Action:
drop
Vlan access-map “Host2HostACL_VACL” 20
Match clauses:
Action:
forward
SW1(config)#

Match clause that is empty means it will match anything!

So to verify a VACL, which is a good idea to maybe just give switches a quick verification for VACLs on exam day if the command is available, is “sh vlan access-map” to view.

Finally applying the VACL to a VLAN

SW1(config)#vlan ?
WORD ISL VLAN IDs 1-4094
access-log Configure VACL logging
access-map Create vlan access-map or enter vlan access-map command mode
configuration vlan feature configuration mode
dot1q dot1q parameters
filter Apply a VLAN Map
group Create a vlan group
internal internal VLAN

SW1(config)#vlan filter ?
WORD VLAN map name

SW1(config)#vlan filter Host2HostACL_VACL ?
vlan-list VLANs to apply filter to

SW1(config)#vlan filter Host2HostACL_VACL vlan-list ?
<1-4094> VLAN id
all Add this filter to all VLANs

SW1(config)#vlan filter Host2HostACL_VACL vlan-list 10 ?
, comma
– hyphen
<cr>

SW1(config)#vlan filter Host2HostACL_VACL vlan-list 10

Note that I only applied it to a single VLAN, however there is both commas and hyphens to assign to several different VLANs, as well as ranges of VLANs.

Another configuration note for exam day, I backed out and re-entered the VACL configuration to create sequence 20, however you can insert a sequence specifically like you would with a Route-Map as shown here:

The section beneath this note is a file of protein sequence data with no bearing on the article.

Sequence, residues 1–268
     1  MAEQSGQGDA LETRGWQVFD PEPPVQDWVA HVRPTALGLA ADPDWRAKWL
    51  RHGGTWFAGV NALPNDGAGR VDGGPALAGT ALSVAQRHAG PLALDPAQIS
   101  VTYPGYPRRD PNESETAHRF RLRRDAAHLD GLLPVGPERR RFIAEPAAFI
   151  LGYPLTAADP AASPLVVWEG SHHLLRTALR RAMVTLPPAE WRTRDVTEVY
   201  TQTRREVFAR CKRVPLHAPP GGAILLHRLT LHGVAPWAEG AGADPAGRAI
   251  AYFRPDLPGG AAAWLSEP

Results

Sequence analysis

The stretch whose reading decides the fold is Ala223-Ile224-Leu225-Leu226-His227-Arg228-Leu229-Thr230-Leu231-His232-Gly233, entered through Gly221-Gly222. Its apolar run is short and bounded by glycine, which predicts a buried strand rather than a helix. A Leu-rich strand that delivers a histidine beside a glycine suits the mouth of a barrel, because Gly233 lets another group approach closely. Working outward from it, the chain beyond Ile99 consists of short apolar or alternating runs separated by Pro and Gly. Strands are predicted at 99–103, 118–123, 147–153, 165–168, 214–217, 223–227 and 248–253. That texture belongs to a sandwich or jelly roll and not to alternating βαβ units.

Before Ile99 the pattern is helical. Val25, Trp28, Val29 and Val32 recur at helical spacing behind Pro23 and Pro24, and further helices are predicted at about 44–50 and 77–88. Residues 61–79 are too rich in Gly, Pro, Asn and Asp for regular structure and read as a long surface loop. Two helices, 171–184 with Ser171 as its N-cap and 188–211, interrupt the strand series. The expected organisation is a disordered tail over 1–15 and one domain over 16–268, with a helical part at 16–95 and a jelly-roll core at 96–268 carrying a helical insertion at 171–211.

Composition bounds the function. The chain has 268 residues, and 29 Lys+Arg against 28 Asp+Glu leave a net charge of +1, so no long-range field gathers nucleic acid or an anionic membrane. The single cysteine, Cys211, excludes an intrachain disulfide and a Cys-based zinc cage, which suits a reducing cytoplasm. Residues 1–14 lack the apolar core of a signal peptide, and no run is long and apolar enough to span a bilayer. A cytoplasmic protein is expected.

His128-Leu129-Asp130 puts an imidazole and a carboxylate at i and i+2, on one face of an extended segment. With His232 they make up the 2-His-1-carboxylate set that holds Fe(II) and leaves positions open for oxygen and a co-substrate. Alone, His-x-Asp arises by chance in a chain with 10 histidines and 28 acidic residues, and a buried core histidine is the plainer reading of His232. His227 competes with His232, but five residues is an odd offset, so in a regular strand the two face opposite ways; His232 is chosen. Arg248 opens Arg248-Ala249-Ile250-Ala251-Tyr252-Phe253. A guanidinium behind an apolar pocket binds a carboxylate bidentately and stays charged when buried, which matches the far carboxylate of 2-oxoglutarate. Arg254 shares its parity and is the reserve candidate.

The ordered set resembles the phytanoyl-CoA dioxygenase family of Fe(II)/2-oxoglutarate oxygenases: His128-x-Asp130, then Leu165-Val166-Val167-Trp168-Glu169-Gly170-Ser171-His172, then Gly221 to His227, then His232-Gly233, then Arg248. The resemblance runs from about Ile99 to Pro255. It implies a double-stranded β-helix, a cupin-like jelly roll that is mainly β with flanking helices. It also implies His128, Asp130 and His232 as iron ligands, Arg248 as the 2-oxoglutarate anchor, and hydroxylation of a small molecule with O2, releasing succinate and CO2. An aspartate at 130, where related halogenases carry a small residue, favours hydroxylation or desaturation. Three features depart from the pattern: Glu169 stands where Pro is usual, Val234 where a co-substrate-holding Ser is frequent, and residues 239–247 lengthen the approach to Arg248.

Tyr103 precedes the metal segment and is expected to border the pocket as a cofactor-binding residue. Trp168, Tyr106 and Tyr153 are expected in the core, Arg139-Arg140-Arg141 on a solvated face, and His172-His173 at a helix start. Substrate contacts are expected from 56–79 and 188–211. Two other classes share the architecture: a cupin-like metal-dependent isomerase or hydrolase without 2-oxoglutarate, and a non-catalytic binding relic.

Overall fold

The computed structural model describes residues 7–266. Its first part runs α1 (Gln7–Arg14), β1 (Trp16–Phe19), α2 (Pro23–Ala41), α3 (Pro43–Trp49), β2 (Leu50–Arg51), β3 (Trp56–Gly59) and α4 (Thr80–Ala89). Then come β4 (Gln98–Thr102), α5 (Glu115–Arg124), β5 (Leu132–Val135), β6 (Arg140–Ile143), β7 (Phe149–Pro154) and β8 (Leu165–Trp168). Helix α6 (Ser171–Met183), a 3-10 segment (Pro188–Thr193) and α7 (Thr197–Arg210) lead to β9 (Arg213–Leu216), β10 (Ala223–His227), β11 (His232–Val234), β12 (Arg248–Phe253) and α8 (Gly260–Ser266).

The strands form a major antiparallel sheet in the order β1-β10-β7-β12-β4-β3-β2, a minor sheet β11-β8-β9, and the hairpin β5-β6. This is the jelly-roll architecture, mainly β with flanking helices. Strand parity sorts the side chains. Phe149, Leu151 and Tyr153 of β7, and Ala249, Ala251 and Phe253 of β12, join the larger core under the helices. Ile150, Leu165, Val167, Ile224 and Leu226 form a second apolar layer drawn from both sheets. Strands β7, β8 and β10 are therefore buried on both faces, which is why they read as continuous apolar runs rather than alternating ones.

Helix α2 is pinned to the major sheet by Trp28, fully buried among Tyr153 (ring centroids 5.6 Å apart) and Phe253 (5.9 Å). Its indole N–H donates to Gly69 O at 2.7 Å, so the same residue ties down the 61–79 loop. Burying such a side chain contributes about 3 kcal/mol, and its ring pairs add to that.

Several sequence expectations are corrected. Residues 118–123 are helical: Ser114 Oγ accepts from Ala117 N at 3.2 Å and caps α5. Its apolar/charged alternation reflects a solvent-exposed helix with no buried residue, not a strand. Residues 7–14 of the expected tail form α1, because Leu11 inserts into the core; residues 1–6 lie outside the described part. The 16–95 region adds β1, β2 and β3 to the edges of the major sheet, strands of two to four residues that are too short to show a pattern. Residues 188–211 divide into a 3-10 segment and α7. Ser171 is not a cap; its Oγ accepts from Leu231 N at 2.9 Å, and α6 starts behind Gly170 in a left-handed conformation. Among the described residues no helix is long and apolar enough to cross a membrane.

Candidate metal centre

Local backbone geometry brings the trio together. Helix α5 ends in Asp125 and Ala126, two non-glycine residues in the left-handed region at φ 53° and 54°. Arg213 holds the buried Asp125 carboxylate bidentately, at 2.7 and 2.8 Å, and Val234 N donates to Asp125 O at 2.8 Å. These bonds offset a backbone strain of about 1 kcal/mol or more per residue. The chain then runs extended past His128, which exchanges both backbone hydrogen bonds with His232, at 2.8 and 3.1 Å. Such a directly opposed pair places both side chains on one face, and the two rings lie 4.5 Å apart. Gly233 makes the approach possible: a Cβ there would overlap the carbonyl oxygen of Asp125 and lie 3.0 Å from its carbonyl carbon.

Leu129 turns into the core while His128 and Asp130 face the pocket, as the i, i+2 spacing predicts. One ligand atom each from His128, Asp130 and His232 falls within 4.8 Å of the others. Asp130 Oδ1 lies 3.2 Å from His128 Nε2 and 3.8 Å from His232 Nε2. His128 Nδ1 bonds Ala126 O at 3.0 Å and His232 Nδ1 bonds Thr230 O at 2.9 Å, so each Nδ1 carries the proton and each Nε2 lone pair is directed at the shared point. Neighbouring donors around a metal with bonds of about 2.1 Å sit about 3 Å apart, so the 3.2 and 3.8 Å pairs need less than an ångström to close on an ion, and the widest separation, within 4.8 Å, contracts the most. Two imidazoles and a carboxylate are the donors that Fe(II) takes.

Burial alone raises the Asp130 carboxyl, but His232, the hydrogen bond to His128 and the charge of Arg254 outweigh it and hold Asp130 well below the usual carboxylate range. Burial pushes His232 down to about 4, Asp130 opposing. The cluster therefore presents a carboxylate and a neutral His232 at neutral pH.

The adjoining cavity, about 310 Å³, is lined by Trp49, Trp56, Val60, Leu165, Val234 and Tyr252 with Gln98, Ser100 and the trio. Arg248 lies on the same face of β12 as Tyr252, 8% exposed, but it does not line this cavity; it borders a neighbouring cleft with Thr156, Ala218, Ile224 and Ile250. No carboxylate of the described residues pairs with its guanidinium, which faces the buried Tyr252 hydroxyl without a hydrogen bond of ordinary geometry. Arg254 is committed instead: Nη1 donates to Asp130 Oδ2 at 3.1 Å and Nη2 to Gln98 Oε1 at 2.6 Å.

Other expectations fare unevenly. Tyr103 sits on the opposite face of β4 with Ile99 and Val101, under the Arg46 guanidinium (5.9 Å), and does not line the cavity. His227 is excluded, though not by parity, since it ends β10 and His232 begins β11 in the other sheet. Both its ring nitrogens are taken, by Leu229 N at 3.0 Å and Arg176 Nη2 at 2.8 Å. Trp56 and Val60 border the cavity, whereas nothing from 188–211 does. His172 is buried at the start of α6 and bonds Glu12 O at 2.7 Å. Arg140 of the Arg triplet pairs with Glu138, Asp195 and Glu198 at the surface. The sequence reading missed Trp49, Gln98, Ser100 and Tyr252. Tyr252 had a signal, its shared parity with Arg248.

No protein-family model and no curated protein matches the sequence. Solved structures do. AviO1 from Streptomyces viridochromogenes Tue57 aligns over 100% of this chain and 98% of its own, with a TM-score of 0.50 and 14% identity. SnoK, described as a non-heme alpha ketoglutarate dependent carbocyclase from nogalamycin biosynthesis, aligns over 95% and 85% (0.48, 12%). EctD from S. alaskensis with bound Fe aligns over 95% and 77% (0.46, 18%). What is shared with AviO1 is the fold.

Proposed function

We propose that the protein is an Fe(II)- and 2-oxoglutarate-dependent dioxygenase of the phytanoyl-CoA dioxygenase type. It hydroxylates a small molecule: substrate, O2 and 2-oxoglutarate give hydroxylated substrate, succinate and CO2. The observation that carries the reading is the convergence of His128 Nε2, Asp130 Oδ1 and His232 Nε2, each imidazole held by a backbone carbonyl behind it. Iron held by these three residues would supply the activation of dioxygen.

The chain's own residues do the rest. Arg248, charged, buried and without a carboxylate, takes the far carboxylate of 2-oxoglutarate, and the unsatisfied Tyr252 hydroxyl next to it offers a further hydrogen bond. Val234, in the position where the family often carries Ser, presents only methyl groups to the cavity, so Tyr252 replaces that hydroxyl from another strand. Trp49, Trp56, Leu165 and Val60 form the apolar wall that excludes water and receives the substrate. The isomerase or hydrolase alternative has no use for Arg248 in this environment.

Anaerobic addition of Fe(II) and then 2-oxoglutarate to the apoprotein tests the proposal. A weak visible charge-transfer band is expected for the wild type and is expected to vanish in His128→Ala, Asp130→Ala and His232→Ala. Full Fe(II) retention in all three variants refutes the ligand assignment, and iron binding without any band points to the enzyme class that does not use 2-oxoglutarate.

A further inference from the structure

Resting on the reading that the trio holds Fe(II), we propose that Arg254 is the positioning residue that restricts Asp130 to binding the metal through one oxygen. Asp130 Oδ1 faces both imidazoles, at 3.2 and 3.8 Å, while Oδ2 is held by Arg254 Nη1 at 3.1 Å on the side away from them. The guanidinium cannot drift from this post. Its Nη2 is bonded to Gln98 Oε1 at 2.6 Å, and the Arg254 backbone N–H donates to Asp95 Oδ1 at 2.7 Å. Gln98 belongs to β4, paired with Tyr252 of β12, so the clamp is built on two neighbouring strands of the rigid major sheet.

SW1(config)#vlan access-map VACL_LIST ?
<0-65535> Sequence to insert to/delete from existing vlan access-map entry
<cr>

SW1(config)#vlan access-map VACL_LIST 30 ?
<cr>

On exam day when deciding the best course of action, adding a lower # sequence (lower #’s are higher in the VACL sequence list) to permit traffic max fix the issue, or you might just have to remove the VACL all together with “no vlan access-map (name)” command.

You can of course also add sequence # in the ACL as well, as when it matches traffic against the defined ACL, it will search the ACL defining traffic in a top down fashion as well to find the first match and move onto the “action” sequence of the VACL.

This is where things get confusing / gross, as adding an ACL entry of “deny x.x.x.x x.x.x.x” means the VACL will simply ignore that line and keep searching for a permit match, so to negate a VACL from dropping traffic you must do it in the VACL sequences – Not the ACL.

If I were writing a Cisco exam, I would put that question on there, just to torture us CCNP Candidates with the most intricate possible question my cruel mind could contemplate 🙂

One last note for VACL’s which should be obvious – “sh access-list” or “sh run” and check the ACL section if available to see what traffic is defined for the VACL.

Key Takeaways:

  • “sh vlan access-map” – Review VACL sequences / matched ACL’s / actions
  • “vlan filter (VACL name) vlan-list (vlans)” – Apply VACL to VLANs
  • Any traffic not permitted with “action forward” will be dropped
  • ACL “deny” lines will just be ignored by VACLs, it will not “permit” the traffic
  • Always always always drop the traffic in VACL sequence #’s, not the ACL
  • VACL’s can be used on multiple VLANs, ACLs can be used in multiple places
  • “no vlan-access map (VACL name)” to get rid of it!

That was a lot of key take aways, but its a big ugly topic of CCNP SWITCH, so I would expect to see it on any Cisco exam that may include VLAN Access-Lists.